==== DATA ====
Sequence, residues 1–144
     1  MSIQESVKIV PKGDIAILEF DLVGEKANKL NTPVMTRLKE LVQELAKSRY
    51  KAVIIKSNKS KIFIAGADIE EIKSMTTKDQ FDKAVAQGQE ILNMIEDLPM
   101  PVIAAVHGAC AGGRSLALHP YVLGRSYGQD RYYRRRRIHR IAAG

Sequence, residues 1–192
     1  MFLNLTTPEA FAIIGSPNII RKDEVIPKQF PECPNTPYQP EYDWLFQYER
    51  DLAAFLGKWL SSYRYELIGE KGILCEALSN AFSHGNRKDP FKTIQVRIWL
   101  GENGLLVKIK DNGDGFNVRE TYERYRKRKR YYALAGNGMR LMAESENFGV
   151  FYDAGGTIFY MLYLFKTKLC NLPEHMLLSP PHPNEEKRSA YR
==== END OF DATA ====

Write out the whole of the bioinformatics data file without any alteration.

Sequence, residues 1–144
     1  MSIQESVKIV PKGDIAILEF DLVGEKANKL NTPVMTRLKE LVQELAKSRY
    51  KAVIIKSNKS KIFIAGADIE EIKSMTTKDQ FDKAVAQGQE ILNMIEDLPM
   101  PVIAAVHGAC AGGRSLALHP YVLGRSYGQD RYYRRRRIHR IAAG

Sequence, residues 1–192
     1  MFLNLTTPEA FAIIGSPNII RKDEVIPKQF PECPNTPYQP EYDWLFQYER
    51  DLAAFLGKWL SSYRYELIGE KGILCEALSN AFSHGNRKDP FKTIQVRIWL
   101  GENGLLVKIK DNGDGFNVRE TYERYRKRKR YYALAGNGMR LMAESENFGV
   151  FYDAGGTIFY MLYLFKTKLC NLPEHMLLSP PHPNEEKRSA YR